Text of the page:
Tampa, Fla. (June 11 , 2012) –Researchers in Japan have found that hepatocytes, cells comprising the main tissue of the liver and involved in protein synthesis and storage, can assist in tissue engineering and create a "new liver system" in mouse models when donor mouse liver hepatocytes are isolated and propagated for transplantation. Their study is published in a recent issue of Cell Transplantation (21:2/3), now freely available on-line at http://www.ingentaconnect.com/content/cog/ct/,
"In light of a serious shortage of donor livers that can be used for hepatocyte isolation, it has become important to establish an efficient way for hepatocytes to be retrieved and propagated for the purposes of tissue engineering," said study lead author Dr. Kazuo Ohashi of Tokyo's Institute of Advanced Biomedical Engineering and Science at Tokyo Women's medical Hospital. "Our study demonstrated the feasibility of propagating mouse hepatocytes by creating a vascularized platform using a growth factor releasing device, and also by creating uniform hepatocyte "sheets" using the isolated individual donor hepatocytes in culture."
Using these approaches and implementing assessment eight weeks following hepatocyte transplantation, the researchers confirmed the functionality of the engineered liver system by documenting the production of liver-specific proteins, by analyzing chemical uptake in the mouse livers and observing subsequent metabolic activity, and by assessing regenerative growth.
The researchers note that the risk of cancer derived from transplanted hepatocytes needs to be addressed because of the "active level of proliferation" following transplantation. In their research, however, and in similar studies they reviewed, it appears that the "risk of cancer cell development is minimal," they concluded.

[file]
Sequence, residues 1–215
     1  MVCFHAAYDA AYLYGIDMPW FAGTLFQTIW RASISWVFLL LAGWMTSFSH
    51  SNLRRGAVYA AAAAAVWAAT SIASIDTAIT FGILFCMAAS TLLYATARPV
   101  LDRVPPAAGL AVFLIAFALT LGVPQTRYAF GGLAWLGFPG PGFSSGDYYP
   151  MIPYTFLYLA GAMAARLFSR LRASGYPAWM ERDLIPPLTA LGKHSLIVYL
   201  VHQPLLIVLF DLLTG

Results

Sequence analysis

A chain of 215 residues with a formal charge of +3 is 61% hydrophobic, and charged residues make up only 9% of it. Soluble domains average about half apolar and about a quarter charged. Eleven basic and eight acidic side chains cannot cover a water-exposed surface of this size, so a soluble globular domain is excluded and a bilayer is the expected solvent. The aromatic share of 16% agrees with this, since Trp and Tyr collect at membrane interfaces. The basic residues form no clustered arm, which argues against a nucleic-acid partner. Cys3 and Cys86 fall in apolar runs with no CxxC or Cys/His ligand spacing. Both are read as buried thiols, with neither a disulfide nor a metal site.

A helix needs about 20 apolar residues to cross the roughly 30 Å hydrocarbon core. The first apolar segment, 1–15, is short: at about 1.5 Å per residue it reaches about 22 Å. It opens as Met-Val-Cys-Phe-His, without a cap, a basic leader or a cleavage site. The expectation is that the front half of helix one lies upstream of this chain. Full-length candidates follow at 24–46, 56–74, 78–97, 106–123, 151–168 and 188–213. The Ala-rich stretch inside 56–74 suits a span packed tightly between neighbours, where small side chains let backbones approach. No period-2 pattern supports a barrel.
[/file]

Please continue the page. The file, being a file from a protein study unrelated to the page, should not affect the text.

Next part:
"The ability to regenerate and expand hepatocytes has potential clinical value when small amounts of tissue can be expanded to sufficient quantities prior to their use in hepatocyte transplantation or other hepatocyte-based therapies," said the researchers.
This study highlights some of the pioneering work stemming from the Japan Society for Organ Preservation and Medical Biology. The impact of this work on liver regeneration by cell transplantation ranks favorably with other studies and its usefulness will be revealed once all the necessary contributing factors for liver regeneration are understood.
Contact: Kazuo Ohashi, MD, PhD, Institute of Advanced Biomedical Engineering Science, Tokyo Women's Medical University, 8-1 Kawada-cho, Shinjuku, Tokyo, 162-8666, Japan
Tel. +81-3-3353-8112 ext. 66220 954468004
Fax. +81-3-3359-6046 954461664
Citation: Ohashi, K.; Tatsumi, K.; Tateno, C.; Kataoka, M.; Utoh, R.; Yoshizato, K.; Okano, T. Liver Tissue Engineering Utilizing Hepatocytes Propagated in Mouse Livers In Vivo. Cell Transplant. 21 (2/3):429-436; 2012.
The Coeditor-in-chief's for CELL TRANSPLANTATION are at the Diabetes Research Institute, University of Miami Miller School of Medicine and Center for Neuropsychiatry, China Medical University Hospital, TaiChung, Taiwan. Contact, Camillo Ricordi, MD at firstname.lastname@example.org or Shinn-Zong Lin, MD, PhD at email@example.com or David Eve, PhD at firstname.lastname@example.org